Peter Parker was having a trippy nightmare about crawling naked and bloodstained through a long dark tunnel. However this made no sense to me at that age, and wasn't the remotest bit fun. I believed that a dream-sequence should be ridiculous and silly, just like Peter David had been writing them.

Judging from subsequent letters-pages, I wasn't alone in my overall disappointment.

I do think that the thing that Marvel really got wrong about this story though, was the way in which it was published.

This whole super-polished odyssey had been commissioned for printing in Peter Parker, The Spectacular Spider-Man, which in recent years had been cutting-out an identity as the place for Spider-Man's darker, more adult adventures. Great.

Alas, when Jim Salicrup took over the editorial reins from Jim Owsley, the decision was taken to instead strip this six-parter across all three Spider-titles, for two months.

Hence the reading order, instead of being simply:

Peter Parker, The Spectacular Spider-Man #131-136


Web Of Spider-Man #31
The Amazing Spider-Man #293
Peter Parker, The Spectacular Spider-Man #131
Web Of Spider-Man #32
The Amazing Spider-Man #294
Peter Parker, The Spectacular Spider-Man #132

I've no idea what the reasoning behind this decision was. Maybe they worried that readers wouldn't understand Spider-Man's death in one title while continuing with his adventures in the other two, but Marvel-buyers were well-used to reading several asynchronous storylines simultaneously. Maybe they were concerned about getting one title stuck in a potentially unpopular rut for six entire months, and losing regular readers, but again, there were two other ongoing Spidey-titles to catch them.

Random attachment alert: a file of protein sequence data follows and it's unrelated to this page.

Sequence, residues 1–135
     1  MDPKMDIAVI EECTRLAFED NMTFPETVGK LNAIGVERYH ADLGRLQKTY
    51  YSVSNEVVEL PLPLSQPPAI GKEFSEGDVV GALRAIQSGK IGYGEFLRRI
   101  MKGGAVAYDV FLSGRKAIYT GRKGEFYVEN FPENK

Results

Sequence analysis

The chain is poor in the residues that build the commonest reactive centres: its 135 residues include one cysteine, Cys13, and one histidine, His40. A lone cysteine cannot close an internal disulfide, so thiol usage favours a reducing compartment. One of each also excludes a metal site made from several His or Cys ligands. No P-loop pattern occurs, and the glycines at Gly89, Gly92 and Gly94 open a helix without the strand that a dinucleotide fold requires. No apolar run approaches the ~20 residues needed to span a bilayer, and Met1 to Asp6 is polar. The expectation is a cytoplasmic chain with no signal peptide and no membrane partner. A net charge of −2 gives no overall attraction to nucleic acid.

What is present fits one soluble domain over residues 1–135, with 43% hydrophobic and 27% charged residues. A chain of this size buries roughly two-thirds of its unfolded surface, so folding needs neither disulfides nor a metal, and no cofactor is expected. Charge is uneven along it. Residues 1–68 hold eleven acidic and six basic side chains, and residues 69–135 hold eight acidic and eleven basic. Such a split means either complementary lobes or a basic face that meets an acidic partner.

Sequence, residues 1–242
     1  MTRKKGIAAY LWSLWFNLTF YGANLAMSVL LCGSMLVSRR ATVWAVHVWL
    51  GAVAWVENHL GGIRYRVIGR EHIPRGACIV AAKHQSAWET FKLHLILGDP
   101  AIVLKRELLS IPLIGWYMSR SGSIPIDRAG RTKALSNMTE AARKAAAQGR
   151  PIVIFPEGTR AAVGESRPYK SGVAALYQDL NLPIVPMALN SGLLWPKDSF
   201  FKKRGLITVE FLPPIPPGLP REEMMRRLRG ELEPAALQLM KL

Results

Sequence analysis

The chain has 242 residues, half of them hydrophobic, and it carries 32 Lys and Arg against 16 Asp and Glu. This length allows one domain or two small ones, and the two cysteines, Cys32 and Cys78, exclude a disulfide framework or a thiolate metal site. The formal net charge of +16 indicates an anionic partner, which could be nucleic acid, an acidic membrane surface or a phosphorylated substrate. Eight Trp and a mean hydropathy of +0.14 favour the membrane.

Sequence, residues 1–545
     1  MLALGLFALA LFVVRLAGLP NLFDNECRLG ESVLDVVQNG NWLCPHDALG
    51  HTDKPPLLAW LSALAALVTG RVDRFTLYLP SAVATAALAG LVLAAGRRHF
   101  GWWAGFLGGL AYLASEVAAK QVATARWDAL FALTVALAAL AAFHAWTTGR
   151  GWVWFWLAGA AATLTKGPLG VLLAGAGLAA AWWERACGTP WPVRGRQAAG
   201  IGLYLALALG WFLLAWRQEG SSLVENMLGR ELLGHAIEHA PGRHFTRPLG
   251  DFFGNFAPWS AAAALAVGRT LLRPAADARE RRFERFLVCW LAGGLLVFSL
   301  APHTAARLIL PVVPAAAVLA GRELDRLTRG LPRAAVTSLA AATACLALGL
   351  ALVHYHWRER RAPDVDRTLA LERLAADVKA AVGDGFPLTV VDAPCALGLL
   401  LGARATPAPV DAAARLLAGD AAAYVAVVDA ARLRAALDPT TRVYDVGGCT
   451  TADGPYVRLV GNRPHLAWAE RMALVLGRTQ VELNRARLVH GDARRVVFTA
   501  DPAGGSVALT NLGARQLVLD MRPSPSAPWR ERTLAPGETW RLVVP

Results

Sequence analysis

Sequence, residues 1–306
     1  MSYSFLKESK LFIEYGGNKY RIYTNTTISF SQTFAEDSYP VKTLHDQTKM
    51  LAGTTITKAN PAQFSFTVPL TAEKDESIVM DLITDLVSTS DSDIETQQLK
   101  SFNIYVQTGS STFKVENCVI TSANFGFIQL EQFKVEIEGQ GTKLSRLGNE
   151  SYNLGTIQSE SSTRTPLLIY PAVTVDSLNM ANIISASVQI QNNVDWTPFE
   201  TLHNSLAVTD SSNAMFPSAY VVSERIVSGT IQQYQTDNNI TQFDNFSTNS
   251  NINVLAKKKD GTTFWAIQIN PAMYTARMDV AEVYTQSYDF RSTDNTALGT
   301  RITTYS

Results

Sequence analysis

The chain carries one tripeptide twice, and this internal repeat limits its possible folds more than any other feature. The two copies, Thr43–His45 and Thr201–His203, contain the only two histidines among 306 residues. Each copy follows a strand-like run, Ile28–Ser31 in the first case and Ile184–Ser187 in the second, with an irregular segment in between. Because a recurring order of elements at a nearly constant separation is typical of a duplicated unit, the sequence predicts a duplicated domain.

Instead, the readership of all three monthlies got a bit shaken.

I guess it probably worked better in the US, where the three series were each published in different weeks of the month. This enabled the entire six-part story to be bought and followed almost like a weekly comic.

Here in the UK however, we would receive each whole month of Marvel publications in our shops on the same day. Waiting for that particular day every four weeks when a huge doorstep of comics would materialise on the newsagent's shelf in an elastic band was probably a bigger deal, and the damage of the comics therein not delivering on our hopes therefore maybe greater.

Perhaps this really should have been a six-part stand-alone limited series? Only enthusiasts bought those. And, let's be honest, only enthusiasts would really have been interested in reading this.

Still, aside from messing-up the subsequent collected-edition reprints of those three monthly series, that's all fairly irrelevant today.

I don't generally like miserable, gritty horror-stories, but even I am overwhelmed by the sheer quality of these half-a-dozen mags. Spider-Man doesn't even win in it - Kraven actually beats him. How breaking-the-mould is that?

Like I said above, I think it's Spider-Man's most perfect story, but I'm so glad it wasn't like this every issue.

I would never have read that.